The above text in quotes was first published in the Building News and Engineering Journal, November the 8th 1916.
Above - The Brighton Hippodrome - From the Moss Empires Jubilee Brochure of 1949
For many decades after the 1916 alterations the Hippodrome was in use as Brighton's major Variety Theatre but in its later years it was relegated to use as a Bingo Hall. However, if you stepped into its foyer you were still greeted with much the same sight as you would have seen a hundred years before. The management of the building were still clearly proud of the building's heritage as there was a large Scrapbook on display in the foyer detailing the Theatre's history with many fascinating pictures and articles. They would also let you peer into the vast and lavish auditorium which was little changed from its former use.
Right - A Programme for 'Let's Have a Laugh' at the Brighton Hippodrome in November 1945.
In 2014 the Hippodrome was under threat of redevelopment and conversion into an eight-screen cinema. The plans involved demolishing the stage, the fly-tower, all the back-stage facilities, the stalls and the orchestra pit. However, this proposal has since been abandoned but the Theatre's future is still uncertain.
Left - A 1945 war time Variety Programme for the Brighton Hippodrome.
Today, sadly, the Theatre is closed and 'Dark' and looks very sorry for itself externally, but it is readily convertible back to theatrical use on a large scale and one can only hope that sometime in the near future this will happen. The Theatres Trust Guide says that the Hippodrome today 'is now probably the best surviving example of a circus - variety Theatre in Britain.' There is more information and images for the Brighton Hippodrome in an article by Donald Auty below.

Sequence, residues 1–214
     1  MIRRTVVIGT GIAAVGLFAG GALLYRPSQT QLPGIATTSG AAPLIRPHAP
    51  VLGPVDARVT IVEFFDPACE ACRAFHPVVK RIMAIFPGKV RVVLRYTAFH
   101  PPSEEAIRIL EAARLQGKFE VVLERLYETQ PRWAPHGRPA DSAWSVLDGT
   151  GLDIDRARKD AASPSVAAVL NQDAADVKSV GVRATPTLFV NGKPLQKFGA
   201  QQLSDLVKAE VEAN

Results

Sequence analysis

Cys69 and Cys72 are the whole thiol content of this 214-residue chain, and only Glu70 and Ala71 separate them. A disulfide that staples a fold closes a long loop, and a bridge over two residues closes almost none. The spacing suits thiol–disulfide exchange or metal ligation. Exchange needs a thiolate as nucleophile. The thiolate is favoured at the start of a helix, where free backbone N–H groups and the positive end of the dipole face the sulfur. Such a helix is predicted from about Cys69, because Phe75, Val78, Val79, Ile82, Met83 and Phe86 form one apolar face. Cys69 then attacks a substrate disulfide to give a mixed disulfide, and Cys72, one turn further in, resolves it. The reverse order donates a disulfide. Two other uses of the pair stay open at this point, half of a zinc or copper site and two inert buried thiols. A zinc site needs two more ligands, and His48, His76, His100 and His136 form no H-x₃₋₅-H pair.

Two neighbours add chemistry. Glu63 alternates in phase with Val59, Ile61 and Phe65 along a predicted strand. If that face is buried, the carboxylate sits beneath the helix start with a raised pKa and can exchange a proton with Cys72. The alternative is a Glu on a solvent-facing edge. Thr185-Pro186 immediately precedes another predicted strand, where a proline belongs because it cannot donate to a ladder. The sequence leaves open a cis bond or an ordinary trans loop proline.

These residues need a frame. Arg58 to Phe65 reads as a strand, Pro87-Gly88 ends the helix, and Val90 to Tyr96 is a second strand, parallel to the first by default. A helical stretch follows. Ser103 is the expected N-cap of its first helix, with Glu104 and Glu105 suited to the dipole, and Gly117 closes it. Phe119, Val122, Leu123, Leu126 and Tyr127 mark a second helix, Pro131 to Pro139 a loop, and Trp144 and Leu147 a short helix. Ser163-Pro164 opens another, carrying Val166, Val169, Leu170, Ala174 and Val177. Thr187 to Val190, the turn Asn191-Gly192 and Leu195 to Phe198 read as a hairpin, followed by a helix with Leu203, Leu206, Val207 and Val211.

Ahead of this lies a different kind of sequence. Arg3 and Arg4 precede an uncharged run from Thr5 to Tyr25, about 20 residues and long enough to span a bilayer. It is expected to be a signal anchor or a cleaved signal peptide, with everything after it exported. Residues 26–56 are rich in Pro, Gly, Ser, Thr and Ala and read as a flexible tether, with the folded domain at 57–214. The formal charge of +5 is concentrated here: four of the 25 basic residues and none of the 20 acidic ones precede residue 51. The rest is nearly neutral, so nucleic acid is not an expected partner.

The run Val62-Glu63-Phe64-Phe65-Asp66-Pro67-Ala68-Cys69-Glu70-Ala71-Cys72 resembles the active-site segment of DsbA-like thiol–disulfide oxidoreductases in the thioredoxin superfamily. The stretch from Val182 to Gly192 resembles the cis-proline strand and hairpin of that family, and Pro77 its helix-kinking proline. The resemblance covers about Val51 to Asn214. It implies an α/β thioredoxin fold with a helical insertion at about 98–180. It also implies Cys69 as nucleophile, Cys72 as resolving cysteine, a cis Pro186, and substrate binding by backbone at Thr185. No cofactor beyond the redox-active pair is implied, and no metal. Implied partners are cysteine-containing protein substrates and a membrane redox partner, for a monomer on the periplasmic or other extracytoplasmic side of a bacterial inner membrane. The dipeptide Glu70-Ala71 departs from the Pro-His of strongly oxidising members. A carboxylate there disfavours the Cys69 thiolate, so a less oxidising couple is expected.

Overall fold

If you have any more information or images for this Theatre that you are willing to share please Contact me.
The Brighton Hippodrome - By Donald Auty
Above - The Brighton Hippodrome during the run of Can-Can on the 24th of September 1956 - Courtesy Gerry Atkins
This was a wonderful date with an amphitheatre type of auditorium. There was a very rakish atmosphere about the place and you could still buy a promenade ticket until the very end. Angus Franklin was the manager for many years and lived in a flat above the Theatre that had originally been built for Tom Barrasford the first owner.
George Rainburn was the stage manager and ran a constant war with Stan the chief electrician. There were two electrical day men and only one stage dayman and George resented this. George Black who was managing director in the thirties and early forties came down to Brighton one morning and found the then four stage daymen drinking in the Seven Stars pub at ll.30 a.m. so he sacked them and decreed that from then on there would only be one stage dayman at Brighton and this situation still existed to the end.
Right - A Programme for 'Strike A New Note' at The Brighton Hippodrome, undated but the show was in the West End in 1943 starring Sid Field.
There was a circus at the Theatre one week and the dock doors that led straight out into the car park were left open one morning to let in some air...
Above - A Seating Plan for the Hippodrome Theatre, Brighton from Kelley's Directory of 1934 - Courtesy Stephen Wischhusen
...An elephant got loose from its tethering rope and decided to have a look around Brighton. It walked out of the dock doors past the stage door and a large window in the stage doorkeeper's cubby hole.
George panicked when he found the elephant gone and asked the stage door keeper if he had seen it pass by.
Left - a Variety Programme for the Brighton Hippodrome - Click see the entire Programme.
The stage door keeper said he had not noticed it. George screamed at him that he must have noticed it because the animal must have blocked out the f****** day light as it passed his window. The Elephant was eventually found taking a stroll around the lanes and accepting buns from passers by.
Right - A Programme for 'Light Up The Town' at the Brighton Hippodrome - Courtesy Roy Cross.
The pit orchestra was excellent fourteen in number and was under the direction of Sid Sharpe. He had a baton with u.v. paint on the end of it that he used to conduct with when the stage was in a blackout. It is still there as a bingo hall and could come back one day, let's hope that it Does.